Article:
Definition[ edit ] The Collins English Dictionary defines alternative history as "a genre of fiction in which the author speculates on how the course of history might have been altered if a particular historical event had had a different outcome. Science fiction set in what was the future but is now the past, like Arthur C. A Space Odyssey or George Orwell 's Nineteen Eighty-Fouris not alternate history because the author did not make the choice to change the past at the time of writing. This term is used by some professional historians to describe the practice of using thoroughly researched and carefully reasoned speculations on "what might have happened if
In many respects, these books are similar to those that use a fulcrum divergence: However, they differ significantly in that typically the protagonist the time traveler is aware of the divergence or its possibility. Here, the events of the book are modeled on actual events in our history, but they are depicted in a completely secondary world.
This task is particularly challenging in alternate histories, where the reader knows they are reading something inimical to their pre-existing knowledge of the world.
This is doubly-so if the book is written in first-person, but even when written in third the speech patterns, word choices, and value systems that our narrator employs contribute to the milieu of the era we are depicting.
Recently, I read two alternate histories that execute on this aspect perfectly: In both books, the narrative voice and the dialog employed by the characters rings at least to my ear true to the period when the books are set. The words key characters employ, the value systems inherent in their views, the differences in how different characters speak, in both books the quality of voice and dialog help to lock the reader into the alternate history.
As a result, I am able to believe that while there may be magic, I am still reading a story set in the 18th century I am familiar with. The same applies to Dreadnoughtwhich follows a southern Confederate nurse across the frontier.
And solid research on word use and etymology can help make sure that the dialog is period-appropriate as Mary Robinette Kowal pointed out recentlypeople swore differently even one hundred years ago.
Research and extensive reading are the keys to nailing this aspect of an alternate history. But there is a flip side to this coin: When we write alternate histories or even historical fantasies there is an understandable temptation to shoe-horn massive amounts of research into the text.
After all, not everyone is as familiar with the time period as the author. But this natural tendency has to be handled very delicately because people who enjoy alternate histories are likely those who enjoy history.
As a result, they are likely to already have substantial knowledge about history, and thus overloading them with historical information may weaken their engagement with the story. Kent clearly knows the history of 19th century Russia, however in many places he assumes that his readers do not.
For some readers, this is likely not a problem. But for those of us who are familiar with that time period, the extensive expository background that Kent provides detracts from the rising action of the story. Striking a balance between that need for background and the forward motion of the story is key to writing any story based in history.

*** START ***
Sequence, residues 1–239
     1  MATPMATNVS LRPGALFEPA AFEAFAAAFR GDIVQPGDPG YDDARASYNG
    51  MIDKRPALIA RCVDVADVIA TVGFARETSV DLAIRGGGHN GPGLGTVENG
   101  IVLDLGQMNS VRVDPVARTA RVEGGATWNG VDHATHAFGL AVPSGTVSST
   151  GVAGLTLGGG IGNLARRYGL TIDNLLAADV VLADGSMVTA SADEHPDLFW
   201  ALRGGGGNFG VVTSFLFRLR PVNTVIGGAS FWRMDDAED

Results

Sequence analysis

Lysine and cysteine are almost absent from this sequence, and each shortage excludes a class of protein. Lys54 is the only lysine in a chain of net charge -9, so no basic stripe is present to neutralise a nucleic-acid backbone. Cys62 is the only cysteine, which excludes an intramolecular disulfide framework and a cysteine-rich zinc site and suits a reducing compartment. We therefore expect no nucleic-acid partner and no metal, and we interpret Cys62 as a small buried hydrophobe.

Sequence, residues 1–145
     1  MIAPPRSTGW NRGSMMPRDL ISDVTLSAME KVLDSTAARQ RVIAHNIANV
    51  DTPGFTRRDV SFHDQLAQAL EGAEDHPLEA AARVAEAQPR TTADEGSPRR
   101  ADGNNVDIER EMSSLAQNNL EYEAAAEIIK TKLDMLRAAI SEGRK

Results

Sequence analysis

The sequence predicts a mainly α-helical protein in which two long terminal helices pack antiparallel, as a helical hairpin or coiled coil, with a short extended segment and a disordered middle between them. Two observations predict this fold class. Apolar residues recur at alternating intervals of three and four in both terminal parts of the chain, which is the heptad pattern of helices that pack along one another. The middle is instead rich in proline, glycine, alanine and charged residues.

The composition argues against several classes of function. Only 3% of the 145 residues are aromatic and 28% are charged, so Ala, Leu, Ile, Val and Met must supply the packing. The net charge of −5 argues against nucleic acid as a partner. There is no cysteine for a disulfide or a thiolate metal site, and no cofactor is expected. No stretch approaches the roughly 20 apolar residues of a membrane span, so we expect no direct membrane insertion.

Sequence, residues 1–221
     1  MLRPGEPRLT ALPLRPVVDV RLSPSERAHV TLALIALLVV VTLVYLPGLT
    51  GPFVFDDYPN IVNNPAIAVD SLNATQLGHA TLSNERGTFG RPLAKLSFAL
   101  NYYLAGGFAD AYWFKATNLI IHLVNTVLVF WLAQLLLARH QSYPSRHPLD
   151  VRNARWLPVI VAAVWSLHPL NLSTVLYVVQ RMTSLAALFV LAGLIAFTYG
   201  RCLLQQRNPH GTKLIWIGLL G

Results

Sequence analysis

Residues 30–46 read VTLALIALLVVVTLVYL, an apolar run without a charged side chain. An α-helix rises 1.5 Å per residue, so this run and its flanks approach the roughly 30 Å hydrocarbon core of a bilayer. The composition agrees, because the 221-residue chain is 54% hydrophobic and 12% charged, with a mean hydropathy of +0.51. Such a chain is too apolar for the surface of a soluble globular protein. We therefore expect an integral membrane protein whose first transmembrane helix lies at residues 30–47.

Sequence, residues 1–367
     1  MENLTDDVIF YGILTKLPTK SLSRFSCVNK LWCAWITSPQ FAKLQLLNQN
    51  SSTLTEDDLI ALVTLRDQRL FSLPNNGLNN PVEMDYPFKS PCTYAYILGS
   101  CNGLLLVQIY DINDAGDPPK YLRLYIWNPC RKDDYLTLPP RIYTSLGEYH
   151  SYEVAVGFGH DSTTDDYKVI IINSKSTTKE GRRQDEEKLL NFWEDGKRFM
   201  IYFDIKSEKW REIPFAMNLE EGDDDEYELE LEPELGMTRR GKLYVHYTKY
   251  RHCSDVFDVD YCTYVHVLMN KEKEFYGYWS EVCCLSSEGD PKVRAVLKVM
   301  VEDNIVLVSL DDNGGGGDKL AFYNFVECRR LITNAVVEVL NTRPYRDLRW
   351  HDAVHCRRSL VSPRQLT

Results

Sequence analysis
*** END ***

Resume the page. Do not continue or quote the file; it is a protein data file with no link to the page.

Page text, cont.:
If we have to pick between momentum and background, I say always go for momentum.
Imagining a Different Today If futuristic science fiction is about imagining a possible tomorrow, then alternate histories are about imagining a possible present. This at once constrains our world-building to a greater or lesser degree, we have to conform to known history while providing the opportunity for very focused imagination.
When I read excellent alternate histories, I often think that it is much harder to paint a maserpiece by coloring within the lines.
But the best authors of alternate history manage to do exactly that. I strongly recommend you pick up a copy, from your local bookstore or your library and enjoy:Techniques in Writing Alternate History by Chris Gerwel on February 22, For the past several months, I’ve been having a lot of fun reading recent alternate histories and historical fantasies (I’ve reviewed a couple in earlier posts).
Grammarly's free writing app makes sure everything you type is easy to read, effective, and mistake-free. You read the real history of what you want to write and then do the parallel two step by altering the plot and characters.
One of my biggest examples is what I am working on now. It’s an. With Brooks Rexroat we wrap up the interviews of authors from Alt Hist Issue 3. Brooks’ ‘To the Stars’ is set during the Cold War space race and is a very human story of the effect on one family in particular.
Would it have been possible to write ‘To the Stars’ before ? Books shelved as alternate-history: The Man in the High Castle by Philip K.
Dick, His Majesty's Dragon by Naomi Novik, Leviathan by Scott Westerfeld, Jon. Daniel Genis wrote an alternate history novel called Narcotica while incarcerated for 10 years for his own drug-related crimes.
The “polite robber” is now a sober author. Daniel Genis wrote an alternate history novel called Narcotica while incarcerated for 10 years for his own drug-related crimes. A list of Alternate History novels. – Well, the first line of the synopsis of the book says it all.
“Radiance is a decopunk pulp SF alt-history space opera mystery set in Hollywood—and solar system, very different from our own”.
Got it? When I started writing my YA adventure series, I .